Asus P7P55D motherboard tips

Here are some of my favorite tips after about eight months of owning a system based on an Asus P7P55D-E.   Some of the tips are applicable to all systems, not just Asus-based ones.

Re-program the power button to “sleep.”

Power buttonIf you’re like me, you rarely need to shut your PC down completely.  Instead, it’s quick and efficient to put the computer into sleep mode, enabling you later to almost instantly resume where you left off. 

You can take this really easy to do in everyday life:  use the Windows Control Panel to re-map the power button to "sleep" instead of shut down the computer.  Now, when you’re done using the computer, just hit the power button and walk away.  Sleep is an almost instant low-power standby mode — mine uses only about 7 watts during sleep, which translates to around $7 per year in energy costs.

The main benefit is that you can resume right where you left off.  I typically have a lot of browser windows open, and I like to be able to leave them open and pick up where I left off, instead of closing them all during a shutdown cycle.  (Another benefit is that if you have young kids whose curious fingers might find their way to your computer’s shiny power button, the worst that can happen is that they’ll sleep the machine instead of shutting down in the middle of whatever you were doing.) 

Lastly, it almost never makes sense to hibernate a modern machine.  (Hibernation is like sleep, only the system state is written to disk and then turned  off completely, using no power.)  With today’s RAM sizes, it takes a sizable amount of time to read and write the entire memory state – 2 to 8 GB for instance — to and from disk.   There would appear to be no benefits over sleeping – or just shutting down completely.

For faster boots, disable Asus Express Gate.

Asus Express Gate is a “splashtop” – a BIOS feature that provides quick access to e-mail and the web without needing to boot the main OS (e.g. Windows).  But if you’re like most of us — ahem –  you set your PC to sleep instead of turning it off, so you have pretty much instant access anyway to browsing, email, etc.   And the fact that I have an SSD in a Core i7 box means that booting to the full OS takes only about 20 to 25 seconds, anyway. Turning off Express Gate – it’s on by default — will shave 5-10 seconds off your boot, since the BIOS waits for some seconds to give you a chance to launch it.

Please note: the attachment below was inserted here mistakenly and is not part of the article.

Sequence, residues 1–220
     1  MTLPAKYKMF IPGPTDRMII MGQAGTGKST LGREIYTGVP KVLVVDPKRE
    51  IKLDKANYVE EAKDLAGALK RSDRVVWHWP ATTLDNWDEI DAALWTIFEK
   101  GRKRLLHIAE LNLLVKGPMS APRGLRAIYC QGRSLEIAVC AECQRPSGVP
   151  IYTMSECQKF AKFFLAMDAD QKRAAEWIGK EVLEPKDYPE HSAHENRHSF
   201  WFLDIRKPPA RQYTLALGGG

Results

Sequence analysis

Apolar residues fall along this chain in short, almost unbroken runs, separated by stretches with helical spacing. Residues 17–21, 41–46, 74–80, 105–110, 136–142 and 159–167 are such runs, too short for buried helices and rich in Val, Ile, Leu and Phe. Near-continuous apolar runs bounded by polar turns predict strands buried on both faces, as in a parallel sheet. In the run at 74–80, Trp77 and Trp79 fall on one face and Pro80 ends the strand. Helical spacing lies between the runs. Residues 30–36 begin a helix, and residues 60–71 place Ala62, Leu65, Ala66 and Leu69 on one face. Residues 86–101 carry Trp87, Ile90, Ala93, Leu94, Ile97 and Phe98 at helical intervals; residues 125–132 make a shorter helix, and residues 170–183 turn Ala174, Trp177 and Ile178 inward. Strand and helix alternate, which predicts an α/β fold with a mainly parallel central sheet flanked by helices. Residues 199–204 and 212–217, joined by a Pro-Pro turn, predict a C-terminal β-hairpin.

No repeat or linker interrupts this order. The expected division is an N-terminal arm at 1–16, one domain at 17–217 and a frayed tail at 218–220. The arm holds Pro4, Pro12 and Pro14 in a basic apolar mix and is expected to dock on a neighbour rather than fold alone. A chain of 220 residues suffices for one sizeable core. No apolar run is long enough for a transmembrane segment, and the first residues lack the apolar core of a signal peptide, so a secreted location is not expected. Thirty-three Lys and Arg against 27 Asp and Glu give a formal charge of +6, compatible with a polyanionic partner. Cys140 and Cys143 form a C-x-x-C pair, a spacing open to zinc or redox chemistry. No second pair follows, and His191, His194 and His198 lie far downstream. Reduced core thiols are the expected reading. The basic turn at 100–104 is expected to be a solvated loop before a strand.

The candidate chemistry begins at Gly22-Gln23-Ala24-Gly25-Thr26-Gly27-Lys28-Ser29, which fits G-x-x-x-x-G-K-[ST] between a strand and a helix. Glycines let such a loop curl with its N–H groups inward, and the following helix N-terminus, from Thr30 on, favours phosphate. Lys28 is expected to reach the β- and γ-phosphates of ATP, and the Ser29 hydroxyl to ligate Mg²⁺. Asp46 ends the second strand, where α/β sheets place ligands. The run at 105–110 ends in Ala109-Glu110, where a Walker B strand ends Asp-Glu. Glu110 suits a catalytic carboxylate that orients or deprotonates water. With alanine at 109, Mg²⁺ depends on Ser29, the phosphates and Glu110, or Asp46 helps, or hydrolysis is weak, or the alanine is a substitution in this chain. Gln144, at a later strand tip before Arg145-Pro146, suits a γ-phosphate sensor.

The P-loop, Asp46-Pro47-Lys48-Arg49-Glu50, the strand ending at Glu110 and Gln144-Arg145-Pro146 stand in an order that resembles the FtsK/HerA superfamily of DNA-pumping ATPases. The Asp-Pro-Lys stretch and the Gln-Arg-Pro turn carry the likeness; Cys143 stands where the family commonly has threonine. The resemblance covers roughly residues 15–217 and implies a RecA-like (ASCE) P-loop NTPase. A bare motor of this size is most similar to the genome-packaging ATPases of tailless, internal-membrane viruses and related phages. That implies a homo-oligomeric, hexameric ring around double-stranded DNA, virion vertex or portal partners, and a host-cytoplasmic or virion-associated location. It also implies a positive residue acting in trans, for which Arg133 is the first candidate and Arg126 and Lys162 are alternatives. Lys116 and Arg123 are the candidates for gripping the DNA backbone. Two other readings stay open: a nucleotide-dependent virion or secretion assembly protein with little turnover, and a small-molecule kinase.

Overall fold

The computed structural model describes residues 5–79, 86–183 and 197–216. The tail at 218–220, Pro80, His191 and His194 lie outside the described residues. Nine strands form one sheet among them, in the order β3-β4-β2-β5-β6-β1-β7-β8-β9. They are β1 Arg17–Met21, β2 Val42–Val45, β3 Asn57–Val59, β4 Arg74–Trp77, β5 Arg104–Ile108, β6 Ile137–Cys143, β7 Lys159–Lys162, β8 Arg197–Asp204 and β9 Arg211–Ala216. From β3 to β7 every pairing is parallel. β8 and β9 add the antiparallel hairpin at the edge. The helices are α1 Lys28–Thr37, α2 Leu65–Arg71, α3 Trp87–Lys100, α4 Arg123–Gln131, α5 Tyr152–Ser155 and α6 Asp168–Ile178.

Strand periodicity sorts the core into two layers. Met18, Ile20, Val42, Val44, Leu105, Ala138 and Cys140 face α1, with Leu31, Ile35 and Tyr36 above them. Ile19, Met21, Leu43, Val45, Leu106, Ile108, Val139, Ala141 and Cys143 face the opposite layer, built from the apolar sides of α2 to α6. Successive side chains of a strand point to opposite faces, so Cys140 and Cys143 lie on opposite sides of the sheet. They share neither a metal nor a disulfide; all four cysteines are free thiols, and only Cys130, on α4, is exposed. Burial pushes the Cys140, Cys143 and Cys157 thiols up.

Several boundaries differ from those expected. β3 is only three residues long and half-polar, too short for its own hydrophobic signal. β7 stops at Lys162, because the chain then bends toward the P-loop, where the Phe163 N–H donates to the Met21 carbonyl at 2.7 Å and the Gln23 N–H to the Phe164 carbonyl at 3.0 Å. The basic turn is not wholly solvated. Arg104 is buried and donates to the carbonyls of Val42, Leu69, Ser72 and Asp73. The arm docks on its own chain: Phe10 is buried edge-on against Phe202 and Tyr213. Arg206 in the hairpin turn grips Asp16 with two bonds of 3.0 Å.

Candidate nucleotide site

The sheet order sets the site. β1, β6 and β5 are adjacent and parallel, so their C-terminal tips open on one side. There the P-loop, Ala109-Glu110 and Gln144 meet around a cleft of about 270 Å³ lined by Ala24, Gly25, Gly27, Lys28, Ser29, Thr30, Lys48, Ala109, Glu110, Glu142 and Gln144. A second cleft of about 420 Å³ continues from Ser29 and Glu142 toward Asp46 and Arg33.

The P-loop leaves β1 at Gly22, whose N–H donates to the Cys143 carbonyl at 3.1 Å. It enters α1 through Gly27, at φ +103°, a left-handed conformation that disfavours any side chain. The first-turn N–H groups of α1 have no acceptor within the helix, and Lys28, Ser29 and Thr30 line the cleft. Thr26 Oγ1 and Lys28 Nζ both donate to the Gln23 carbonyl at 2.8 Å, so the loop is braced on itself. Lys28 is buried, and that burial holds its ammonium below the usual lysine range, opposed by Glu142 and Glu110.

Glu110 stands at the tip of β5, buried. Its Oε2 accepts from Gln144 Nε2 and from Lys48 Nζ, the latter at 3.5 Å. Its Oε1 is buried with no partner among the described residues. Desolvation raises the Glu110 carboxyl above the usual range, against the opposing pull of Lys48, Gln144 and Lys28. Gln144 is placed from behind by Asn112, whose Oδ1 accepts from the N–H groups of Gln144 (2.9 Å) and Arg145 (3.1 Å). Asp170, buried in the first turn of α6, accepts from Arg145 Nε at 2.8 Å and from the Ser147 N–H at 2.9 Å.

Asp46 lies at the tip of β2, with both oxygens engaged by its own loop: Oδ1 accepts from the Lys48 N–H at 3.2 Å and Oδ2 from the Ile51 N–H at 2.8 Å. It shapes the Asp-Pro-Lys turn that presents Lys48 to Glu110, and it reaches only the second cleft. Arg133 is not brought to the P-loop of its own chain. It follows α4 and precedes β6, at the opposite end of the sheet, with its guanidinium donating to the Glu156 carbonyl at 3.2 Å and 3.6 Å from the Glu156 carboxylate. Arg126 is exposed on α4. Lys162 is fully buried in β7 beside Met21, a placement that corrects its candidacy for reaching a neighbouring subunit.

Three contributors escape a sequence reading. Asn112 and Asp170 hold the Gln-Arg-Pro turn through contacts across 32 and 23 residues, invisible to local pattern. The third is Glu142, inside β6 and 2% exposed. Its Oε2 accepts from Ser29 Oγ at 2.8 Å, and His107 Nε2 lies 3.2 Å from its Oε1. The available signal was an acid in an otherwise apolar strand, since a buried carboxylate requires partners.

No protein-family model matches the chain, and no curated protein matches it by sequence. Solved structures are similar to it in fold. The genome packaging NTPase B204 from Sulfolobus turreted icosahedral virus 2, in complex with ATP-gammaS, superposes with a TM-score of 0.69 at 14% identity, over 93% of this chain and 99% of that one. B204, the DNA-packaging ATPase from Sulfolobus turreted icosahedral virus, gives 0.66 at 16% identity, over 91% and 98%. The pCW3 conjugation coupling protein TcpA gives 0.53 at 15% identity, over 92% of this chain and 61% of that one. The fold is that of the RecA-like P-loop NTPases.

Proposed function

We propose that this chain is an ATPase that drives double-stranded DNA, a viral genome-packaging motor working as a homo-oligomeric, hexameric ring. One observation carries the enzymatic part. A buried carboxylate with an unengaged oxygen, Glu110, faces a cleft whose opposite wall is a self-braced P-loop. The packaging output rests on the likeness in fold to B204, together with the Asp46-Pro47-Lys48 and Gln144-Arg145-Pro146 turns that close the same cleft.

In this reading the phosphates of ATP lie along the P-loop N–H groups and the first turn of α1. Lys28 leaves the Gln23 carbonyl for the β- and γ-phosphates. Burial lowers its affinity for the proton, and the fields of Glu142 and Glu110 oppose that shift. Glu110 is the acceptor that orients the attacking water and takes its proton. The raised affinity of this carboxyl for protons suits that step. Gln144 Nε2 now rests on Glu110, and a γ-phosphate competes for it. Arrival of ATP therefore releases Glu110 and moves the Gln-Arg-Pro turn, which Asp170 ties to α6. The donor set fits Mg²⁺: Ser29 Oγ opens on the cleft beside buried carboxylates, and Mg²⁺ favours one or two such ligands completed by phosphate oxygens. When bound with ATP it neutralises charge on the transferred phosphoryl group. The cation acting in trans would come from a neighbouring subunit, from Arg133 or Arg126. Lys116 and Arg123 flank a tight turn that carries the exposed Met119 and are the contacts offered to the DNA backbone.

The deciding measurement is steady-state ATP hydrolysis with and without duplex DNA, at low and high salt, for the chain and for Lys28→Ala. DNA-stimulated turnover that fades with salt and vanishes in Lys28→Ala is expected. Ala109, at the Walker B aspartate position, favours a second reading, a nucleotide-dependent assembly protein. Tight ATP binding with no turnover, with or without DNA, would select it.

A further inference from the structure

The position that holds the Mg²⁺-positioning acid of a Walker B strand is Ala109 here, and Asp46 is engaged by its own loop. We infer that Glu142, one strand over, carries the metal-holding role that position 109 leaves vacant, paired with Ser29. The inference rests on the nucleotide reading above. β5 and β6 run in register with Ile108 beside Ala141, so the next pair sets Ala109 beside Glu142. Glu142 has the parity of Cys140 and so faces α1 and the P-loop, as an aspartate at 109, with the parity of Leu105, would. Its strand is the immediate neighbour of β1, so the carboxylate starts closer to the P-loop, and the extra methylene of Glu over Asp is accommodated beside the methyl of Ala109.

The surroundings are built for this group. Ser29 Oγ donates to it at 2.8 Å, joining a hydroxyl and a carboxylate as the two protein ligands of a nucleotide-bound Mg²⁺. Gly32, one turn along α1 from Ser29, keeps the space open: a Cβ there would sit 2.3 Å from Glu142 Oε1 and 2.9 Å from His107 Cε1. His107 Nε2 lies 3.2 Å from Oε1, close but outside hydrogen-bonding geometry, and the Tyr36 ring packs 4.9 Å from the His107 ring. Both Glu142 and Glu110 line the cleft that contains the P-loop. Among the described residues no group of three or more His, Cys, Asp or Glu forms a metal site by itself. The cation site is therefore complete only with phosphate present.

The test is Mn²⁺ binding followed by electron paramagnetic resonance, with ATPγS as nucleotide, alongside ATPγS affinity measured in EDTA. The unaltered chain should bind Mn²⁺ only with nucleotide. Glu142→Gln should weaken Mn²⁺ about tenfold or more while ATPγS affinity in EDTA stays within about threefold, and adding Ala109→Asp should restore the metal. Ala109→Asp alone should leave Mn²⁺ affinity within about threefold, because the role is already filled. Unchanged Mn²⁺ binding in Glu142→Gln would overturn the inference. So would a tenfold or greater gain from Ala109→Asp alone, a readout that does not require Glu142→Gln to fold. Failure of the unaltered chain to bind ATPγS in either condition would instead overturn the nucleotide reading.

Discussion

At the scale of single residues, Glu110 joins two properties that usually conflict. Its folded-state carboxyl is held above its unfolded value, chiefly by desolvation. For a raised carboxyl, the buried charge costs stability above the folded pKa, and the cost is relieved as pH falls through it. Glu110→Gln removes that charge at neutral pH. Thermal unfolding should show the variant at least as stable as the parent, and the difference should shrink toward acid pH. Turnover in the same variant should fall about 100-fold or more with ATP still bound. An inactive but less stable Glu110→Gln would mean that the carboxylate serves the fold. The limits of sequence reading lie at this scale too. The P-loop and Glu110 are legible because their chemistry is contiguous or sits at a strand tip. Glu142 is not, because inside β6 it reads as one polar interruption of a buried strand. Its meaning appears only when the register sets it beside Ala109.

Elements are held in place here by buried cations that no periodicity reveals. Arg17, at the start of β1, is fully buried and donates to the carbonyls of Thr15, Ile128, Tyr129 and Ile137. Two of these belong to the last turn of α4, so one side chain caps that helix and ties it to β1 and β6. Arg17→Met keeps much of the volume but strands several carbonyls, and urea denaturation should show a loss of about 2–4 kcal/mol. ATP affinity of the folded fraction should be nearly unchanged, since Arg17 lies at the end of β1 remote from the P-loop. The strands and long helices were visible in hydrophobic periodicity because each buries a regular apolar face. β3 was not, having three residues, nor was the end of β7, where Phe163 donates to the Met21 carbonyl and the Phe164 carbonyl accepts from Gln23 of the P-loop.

Asus Express Gate

Fancy, neat, and… totally unneccessary

Overclock to a reasonable speed.

Use the included software to overclock to something reasonable and safe.  You should know that with properly balanced components (CPU, HD, video), even a stock Core i7 running at just under 3 GHz is pretty awesomely snappy. 

I used the Turbo Evo autoclocker included with the Asus motherboard to tune up to 3.36 GHz;  I also installed a heat sink .  Pushing the auto-tuning envelope, the system can hit speeds of 3.6GHz and higher.  But with more overclocking comes the risk of system instability.  If you can do it, more power to you;  but if not, there are at least two other subsystems that greatly affect overall system performance:  hard drive and video card.  

Really want your system to snap?  Invest $200 in a boot SSD.   Aggressively overclocking a Core i7 (or other modern processor) while it’s still chained to a 7200 RPM hard drive is just plain foolishness. 

TurboV EVO

TurboV EVO running “crazy fast” on my system

What are your favorite motherboard or system tweaks?  Share your insights in the comments.


2 responses to this post.

  1. Posted by Louis E. on April 23, 2011 at 12:45 am

    Just to reiterate the update I posted on your older post…this motherboard now comes back “Out of Stock-Deactivated” on your link,only the “Pro” version is still sold by Newegg.


  2. Posted by Alira Menon on March 15, 2012 at 8:08 am

    Great stuff and nice article you have supplied here.

    Phenom x4 Quad Core


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